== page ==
Mistress Fitton



      Canst thou 0 cruel, say I love thee not
      When I against myself with thee partake:
      Do I not think on thee when I forgot
      Am of myself all tyrant for thy sake?
      Who hateth thee that I do call my friend,
      On whom frown'st thou that I do fawn upon,
      Nay, if thou lour'st on me do I not spend
      Revenge upon myself with present moan?
      What merit do I myself respect,
      That is so proud thy service to despise,
      When all my best worship thy defect,
      Commanded by the motion of thine eyes.
      But love hate on for now I know thy mind,
      Those that can see thou lovest, and I am blind.

      Note the repetition of certain words, we find-love love, myself, myself, myself, myself, thy sake, thy service, thy defect, thy mind.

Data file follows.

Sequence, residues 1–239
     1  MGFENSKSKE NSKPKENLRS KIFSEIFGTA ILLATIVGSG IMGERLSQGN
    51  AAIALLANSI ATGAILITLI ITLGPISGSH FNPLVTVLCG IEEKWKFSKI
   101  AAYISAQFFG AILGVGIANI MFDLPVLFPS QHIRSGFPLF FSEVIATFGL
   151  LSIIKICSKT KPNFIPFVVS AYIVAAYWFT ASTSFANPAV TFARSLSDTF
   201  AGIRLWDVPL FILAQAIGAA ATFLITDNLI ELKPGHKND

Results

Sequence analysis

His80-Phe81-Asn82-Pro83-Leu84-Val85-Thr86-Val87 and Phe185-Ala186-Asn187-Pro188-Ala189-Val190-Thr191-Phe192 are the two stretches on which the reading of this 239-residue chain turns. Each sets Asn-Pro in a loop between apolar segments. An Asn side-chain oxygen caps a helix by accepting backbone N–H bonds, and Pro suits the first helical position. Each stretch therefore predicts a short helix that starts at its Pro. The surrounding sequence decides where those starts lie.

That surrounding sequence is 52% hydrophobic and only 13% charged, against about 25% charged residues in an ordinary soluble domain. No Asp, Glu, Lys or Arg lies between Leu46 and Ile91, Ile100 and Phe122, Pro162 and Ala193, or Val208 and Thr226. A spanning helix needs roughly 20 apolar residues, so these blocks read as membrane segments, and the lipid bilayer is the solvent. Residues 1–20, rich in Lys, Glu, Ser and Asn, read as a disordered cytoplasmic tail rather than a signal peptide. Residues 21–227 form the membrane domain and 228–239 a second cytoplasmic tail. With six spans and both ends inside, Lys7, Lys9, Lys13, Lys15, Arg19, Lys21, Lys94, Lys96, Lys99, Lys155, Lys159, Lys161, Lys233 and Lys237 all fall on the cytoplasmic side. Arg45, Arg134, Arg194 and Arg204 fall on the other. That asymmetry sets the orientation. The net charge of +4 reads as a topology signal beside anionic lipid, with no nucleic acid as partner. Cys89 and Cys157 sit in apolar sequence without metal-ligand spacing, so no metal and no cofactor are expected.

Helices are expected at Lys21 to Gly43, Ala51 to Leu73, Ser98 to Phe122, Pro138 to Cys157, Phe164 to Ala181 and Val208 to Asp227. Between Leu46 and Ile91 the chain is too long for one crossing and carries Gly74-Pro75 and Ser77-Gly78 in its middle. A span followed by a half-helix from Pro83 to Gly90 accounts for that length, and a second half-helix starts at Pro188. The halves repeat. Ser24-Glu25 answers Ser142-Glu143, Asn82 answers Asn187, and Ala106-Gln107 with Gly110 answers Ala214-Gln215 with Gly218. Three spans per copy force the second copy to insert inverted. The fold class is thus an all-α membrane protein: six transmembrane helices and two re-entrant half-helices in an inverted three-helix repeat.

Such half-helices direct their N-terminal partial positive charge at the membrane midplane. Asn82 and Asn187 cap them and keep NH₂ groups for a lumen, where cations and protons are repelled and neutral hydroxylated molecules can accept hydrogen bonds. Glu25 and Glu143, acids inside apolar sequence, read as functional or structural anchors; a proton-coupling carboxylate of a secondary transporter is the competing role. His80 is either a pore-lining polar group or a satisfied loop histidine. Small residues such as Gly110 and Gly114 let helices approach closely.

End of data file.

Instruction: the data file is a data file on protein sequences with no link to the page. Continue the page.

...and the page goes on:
Here Bacon asks Mrs. Fitton how she can be so cruel to say he that he does not love her when he partakes (makes common cause with her against his own will-asks if he does not think of her and is a tyrant (one who uses his power oppressively) for her sake. Asks who she hates who he calls his friend or if she frowns on anyone who he fawns (flatters), tells her that if she lours (scowls) upon him-does he not spend revenge (inflict injury upon himself) with present moan (lamentation) what merit (worth) does he find in himself that despising his service to her when everything in him which is best worships her defect (fault), commanded (influenced) by her looks-that now he knows her mind and that she loves those that she can see but that he is blind.

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